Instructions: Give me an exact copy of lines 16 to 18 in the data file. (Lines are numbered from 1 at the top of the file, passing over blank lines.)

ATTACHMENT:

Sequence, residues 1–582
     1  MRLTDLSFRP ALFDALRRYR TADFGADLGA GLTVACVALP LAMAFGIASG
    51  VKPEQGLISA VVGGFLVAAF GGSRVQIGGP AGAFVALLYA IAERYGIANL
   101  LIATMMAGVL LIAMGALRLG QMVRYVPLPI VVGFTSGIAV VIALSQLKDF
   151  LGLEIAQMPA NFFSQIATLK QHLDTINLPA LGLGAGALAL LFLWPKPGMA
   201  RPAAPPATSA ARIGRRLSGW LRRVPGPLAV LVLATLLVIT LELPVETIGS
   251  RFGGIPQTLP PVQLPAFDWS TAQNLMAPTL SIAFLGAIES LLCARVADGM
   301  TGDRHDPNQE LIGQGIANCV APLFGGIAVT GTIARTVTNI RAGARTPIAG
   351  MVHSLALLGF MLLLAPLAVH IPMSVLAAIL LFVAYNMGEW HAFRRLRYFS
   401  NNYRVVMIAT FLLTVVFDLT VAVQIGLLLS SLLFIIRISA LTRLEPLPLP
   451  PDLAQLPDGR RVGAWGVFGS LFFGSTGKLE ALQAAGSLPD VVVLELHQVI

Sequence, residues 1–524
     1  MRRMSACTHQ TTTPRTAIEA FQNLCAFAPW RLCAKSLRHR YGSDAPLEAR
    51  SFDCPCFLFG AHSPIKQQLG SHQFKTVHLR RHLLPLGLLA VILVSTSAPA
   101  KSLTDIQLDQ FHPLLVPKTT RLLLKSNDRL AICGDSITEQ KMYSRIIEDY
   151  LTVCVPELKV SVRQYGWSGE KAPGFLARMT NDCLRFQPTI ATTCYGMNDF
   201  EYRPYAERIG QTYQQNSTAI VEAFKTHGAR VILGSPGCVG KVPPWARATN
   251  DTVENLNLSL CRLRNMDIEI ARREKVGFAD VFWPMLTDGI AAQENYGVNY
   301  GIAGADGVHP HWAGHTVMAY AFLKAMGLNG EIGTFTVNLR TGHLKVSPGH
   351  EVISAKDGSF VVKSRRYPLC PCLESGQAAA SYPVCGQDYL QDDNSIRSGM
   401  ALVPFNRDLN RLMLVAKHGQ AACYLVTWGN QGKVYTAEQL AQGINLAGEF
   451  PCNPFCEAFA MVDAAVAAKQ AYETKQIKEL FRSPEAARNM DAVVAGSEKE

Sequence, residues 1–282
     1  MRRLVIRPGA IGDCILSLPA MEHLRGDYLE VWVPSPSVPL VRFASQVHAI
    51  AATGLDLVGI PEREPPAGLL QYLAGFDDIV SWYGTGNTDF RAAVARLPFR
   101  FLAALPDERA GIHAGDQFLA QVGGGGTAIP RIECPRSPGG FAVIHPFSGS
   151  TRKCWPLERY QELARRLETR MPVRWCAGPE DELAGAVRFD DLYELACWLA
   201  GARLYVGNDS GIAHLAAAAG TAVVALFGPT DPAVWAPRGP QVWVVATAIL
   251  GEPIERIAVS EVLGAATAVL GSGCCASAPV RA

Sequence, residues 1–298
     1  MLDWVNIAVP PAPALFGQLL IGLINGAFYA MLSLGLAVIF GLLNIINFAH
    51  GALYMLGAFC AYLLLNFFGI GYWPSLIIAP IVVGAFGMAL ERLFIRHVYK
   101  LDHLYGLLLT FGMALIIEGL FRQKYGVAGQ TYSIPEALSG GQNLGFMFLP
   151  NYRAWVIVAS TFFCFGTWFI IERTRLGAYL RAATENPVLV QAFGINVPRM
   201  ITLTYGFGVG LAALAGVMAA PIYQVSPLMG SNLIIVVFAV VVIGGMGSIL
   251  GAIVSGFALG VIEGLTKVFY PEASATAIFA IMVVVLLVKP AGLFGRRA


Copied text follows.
   151  LTVCVPELKV SVRQYGWSGE KAPGFLARMT NDCLRFQPTI ATTCYGMNDF
   201  EYRPYAERIG QTYQQNSTAI VEAFKTHGAR VILGSPGCVG KVPPWARATN
   251  DTVENLNLSL CRLRNMDIEI ARREKVGFAD VFWPMLTDGI AAQENYGVNY